The national governing body for triathlon will become the first organization of its type to sign a deal with a company that sells products containing cannabidiol.
By Matthew Futterman
The sports industry’s embrace of cannabis products is continuing to evolve as U.S.A. Triathlon has become the first national governing body of an American sport to make a sponsorship deal with a company that sells products containing cannabidiol, or CBD.
CBD is a nonintoxicating compound that, like the intoxicating compound THC, is found in varying amounts in hemp, a legal cannabis plant. In 2018, the World Anti-Doping Agency removed CBD from its list of banned substances. THC and scores of other cannabinoids remain on the banned list, but by removing CBD, WADA opened the door for elite athletes to use and endorse CBD products.
CBD’s benefits are said to include preventing pain and inflammation, relieving stress and anxiety and even aiding digestion. CBD products are available in several forms, including oils and lotions.
The financial terms of the four-year deal between U.S.A. Triathlon and Pure Spectrum, which is based in Colorado, were not disclosed. It came less than a year after Congress passed the Farm Bill, which legalized hemp. Growing the plant had been against federal law for many years. Since then, sports organizations have tiptoed toward CBD and its growing business. Much of the population knows little about CBD. There are some who still associate it with the more illicit uses of marijuana, which remains illegal at the federal level and in many states, even though it has been decriminalized in some.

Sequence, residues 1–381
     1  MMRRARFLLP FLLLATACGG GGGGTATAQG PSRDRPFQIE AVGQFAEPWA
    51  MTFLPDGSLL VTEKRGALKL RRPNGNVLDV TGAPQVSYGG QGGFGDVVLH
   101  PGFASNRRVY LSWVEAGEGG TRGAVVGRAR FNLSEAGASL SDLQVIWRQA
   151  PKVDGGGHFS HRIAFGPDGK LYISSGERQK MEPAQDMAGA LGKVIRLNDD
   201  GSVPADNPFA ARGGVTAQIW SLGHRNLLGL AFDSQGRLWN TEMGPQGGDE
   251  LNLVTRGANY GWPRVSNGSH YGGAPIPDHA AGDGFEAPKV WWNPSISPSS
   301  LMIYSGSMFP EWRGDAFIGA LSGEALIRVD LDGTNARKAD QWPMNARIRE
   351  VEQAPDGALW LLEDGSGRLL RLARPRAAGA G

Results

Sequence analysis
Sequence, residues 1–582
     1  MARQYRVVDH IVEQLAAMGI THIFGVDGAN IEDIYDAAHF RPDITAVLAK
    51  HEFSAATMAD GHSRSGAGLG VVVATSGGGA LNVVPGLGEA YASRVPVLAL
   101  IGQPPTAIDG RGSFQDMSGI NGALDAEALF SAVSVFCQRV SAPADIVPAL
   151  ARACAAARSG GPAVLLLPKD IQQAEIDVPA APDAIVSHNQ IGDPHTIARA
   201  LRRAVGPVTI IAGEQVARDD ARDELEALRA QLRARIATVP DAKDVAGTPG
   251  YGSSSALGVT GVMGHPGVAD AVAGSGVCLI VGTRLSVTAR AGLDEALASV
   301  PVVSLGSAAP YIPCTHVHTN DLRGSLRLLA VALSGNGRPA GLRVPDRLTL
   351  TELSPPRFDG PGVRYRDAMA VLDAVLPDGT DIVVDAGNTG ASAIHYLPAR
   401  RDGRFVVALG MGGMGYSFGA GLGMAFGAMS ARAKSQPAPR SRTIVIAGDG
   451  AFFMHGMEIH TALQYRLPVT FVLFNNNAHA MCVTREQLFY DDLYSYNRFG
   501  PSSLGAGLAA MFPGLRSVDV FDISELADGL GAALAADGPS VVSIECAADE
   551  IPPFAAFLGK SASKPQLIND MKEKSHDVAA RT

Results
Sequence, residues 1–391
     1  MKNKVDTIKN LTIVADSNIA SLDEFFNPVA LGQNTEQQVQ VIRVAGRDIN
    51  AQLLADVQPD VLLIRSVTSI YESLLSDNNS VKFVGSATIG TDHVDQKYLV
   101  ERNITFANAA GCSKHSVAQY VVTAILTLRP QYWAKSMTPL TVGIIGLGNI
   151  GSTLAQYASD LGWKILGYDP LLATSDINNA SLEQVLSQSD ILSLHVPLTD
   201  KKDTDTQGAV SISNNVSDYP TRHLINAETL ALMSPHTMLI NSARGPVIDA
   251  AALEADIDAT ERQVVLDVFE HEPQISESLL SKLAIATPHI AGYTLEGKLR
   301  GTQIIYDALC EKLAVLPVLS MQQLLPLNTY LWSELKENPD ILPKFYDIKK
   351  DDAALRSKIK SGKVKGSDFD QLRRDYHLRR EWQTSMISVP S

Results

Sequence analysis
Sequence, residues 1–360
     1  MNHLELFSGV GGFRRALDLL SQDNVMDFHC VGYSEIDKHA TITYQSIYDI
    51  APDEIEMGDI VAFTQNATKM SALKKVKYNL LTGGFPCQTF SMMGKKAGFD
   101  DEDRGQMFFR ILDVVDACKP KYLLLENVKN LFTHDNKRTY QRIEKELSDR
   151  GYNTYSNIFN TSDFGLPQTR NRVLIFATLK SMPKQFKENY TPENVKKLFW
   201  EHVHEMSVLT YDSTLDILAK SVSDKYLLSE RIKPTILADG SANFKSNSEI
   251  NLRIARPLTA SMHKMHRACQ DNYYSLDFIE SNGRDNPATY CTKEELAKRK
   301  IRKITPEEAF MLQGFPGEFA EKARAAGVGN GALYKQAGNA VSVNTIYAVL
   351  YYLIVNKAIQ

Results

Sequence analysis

U.S.A. Triathlon’s exclusive deal with Pure Spectrum will help the relatively small national governing body support growth of the sport while trying to keep fees for races and other costs associated with the triathlon at a reasonable level.
Membership in U.S.A. Triathlon declined about 25 percent from 2013 to 2018. Interest in the sport increased significantly after it became part of the Olympics in 2000, but has waned in recent years for a variety of reasons, though triathlon boosters say they have reversed some of those trends.
U.S.A. Triathlon has annual revenues of about $16 million. About $2 million, or roughly 12 to 15 percent, comes from sponsorships.
Athletes at every level — who are often some of the earliest adopters of anything that can help people feel better, recover from workouts or improve performance — have embraced CBD. Rocky Harris, chief executive of U.S.A. Triathlon, said the movement to embrace CBD among participants in the sport led his organization on a six-month endeavor to determine the actual risks and benefits of CBD and whether U.S.A. Triathlon could responsibly pursue making money through a sponsorship deal with a CBD company.
“We needed to be able to say if you use this product you will not fail a drug test,” Harris said.
U.S.A. Triathlon is not the only sports organization that has a relationship with a CBD company. The Ultimate Fighting Championship and CrossFit also do. However, the risk for a national governing body of an Olympic sport is higher because those organizations have to abide by all WADA regulations and submit to the most intense drug testing protocols. Privately controlled athletic organizations, such as the major American sports leagues, can choose to make up their own rules and drug policies.